Expect a driving ban for using a mobile phone

A figure buried in a police Press release made us stop in our tracks this week. Hopefully it will do the same for you.

It was: “Government figures suggest mobile phone use will become the biggest killer on our roads by 2015.”

Woah! Mobile phones in cars: the annoying habit people have that we kind of know is dangerous but most people have done at some time? Worse than drink driving? Worse than driving like on loon on the wrong side of the road? Worse than speeding after smoking a joint? Yup, it appears so.

And the obvious — the only — implication from this is that it won’t be long before the law reflects this. Caught driving and holding a mobile phone? Expect a year’s ban. Caught again — three years.

We Googled this, and in the (brief) search we made could find nothing usable for the UK but did find a report from the States; Americans are humans too, so what’s true there will be true here.

It seems that drunk driving has been replaced by texting while driving as the leading cause of teen death in the US.

A study conducted by the Cohen Children’s Medical Centre of New York found that more than 3,000 teens died each year as a result of sending SMS messages while operating a vehicle.

That compares to the 2,700 teens that are killed each year as a result of drunk driving.

That’s shocking.

The police repeatedly tell us how dangerous using a phone while driving is, but on radio discussions on the topic, there’s always some sort of debate, as if two sides existed.

But while people talked, the reality — that using a phone while driving is REALLY dangerous — has been contributing to figures that actually prove this.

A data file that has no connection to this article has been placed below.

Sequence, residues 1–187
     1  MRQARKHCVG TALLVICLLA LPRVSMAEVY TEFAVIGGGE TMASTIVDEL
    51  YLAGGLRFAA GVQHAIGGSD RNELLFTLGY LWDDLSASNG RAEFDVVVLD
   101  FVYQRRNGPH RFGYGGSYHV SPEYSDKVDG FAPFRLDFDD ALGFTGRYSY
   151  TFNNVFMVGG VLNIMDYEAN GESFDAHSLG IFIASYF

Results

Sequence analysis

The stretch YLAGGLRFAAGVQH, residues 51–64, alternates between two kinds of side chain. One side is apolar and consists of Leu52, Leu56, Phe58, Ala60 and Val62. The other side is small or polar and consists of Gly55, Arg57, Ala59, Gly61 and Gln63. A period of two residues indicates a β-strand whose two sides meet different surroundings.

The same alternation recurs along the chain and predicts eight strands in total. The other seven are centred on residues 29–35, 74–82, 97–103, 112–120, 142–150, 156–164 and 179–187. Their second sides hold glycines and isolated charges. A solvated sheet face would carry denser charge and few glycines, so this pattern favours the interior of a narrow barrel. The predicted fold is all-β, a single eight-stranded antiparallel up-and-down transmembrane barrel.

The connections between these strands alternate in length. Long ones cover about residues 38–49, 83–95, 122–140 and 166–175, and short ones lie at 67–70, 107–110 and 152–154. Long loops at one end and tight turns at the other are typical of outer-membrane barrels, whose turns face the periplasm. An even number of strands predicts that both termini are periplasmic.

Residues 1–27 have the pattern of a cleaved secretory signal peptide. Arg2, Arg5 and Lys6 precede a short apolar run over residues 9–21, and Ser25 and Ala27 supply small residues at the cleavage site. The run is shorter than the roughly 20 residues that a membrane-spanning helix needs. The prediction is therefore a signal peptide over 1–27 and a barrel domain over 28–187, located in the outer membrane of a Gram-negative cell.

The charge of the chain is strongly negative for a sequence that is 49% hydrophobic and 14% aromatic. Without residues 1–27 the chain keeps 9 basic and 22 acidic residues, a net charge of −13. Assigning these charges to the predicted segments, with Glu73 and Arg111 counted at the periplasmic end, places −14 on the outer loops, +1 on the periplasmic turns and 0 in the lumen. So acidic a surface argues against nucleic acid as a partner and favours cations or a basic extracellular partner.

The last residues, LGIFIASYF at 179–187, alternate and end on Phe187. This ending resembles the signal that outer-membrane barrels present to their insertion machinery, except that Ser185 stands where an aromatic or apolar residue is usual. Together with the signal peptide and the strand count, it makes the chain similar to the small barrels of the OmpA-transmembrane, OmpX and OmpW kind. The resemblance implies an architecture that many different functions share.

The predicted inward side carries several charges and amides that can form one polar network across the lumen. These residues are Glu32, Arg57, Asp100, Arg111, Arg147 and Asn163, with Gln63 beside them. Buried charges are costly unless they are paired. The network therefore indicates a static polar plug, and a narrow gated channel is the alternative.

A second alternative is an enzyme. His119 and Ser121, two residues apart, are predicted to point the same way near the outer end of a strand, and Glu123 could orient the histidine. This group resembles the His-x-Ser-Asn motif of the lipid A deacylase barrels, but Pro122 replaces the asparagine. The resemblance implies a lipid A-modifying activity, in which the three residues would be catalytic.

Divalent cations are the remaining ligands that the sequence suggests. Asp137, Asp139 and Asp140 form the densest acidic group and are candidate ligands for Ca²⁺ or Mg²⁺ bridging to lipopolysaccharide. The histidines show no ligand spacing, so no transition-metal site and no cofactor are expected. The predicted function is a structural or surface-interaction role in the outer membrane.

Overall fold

As over here, the US study found that people did not appreciate how dangerous text and driving was. The author of the study, Dr Andrew Adesman, chief of developmental and behavioural paediatrics at Cohen Children’s Medical Centre, said that laws banning texting and driving were not effective. Just over half (57%) of all boys surveyed said that they texted while driving, even in states where it was against the law. This was about the same as those (59%) who sent out SMS messages while driving in states without such laws.

US lawmakers are trying to raise the fines for the offence — in the UK, it’s now a £90, with the level recently doubled.

If it’s really true that mobile phone use will become the biggest killer on our roads by next year, a £90 fine seems more than a little pathetic.

Prof Stephen Glaister, director of the RAC Foundation, has called for more police action in the UK, saying the use of hand-held phones at the wheel caused more impairment than being at the drink-drive limit or under the influence of cannabis.

We find a statement on the internet that texting at the wheel gives a 20-year-old the reaction times of a 70-year-old. How true that is we don’t know, but studies show that a person who is driving while texting is 23 more times likely to end up in an accident than a driver who doesn’t

A UK Transport Research Laboratory study found that sending a text slows reaction time by 35%. Using cannabis delayed it 21%, and drinking to the UK legal limit, 12%. Speaking on a phone slowed reaction by 46%.

Drivers also showed “significantly greater lateral variability” in their lane position when texting, with the vehicle drifting into adjacent lanes far more frequently when texting.

It seems inevitable that the law on phones will need to change, but we’d hope readers would not wait for a law change to amend their habits.

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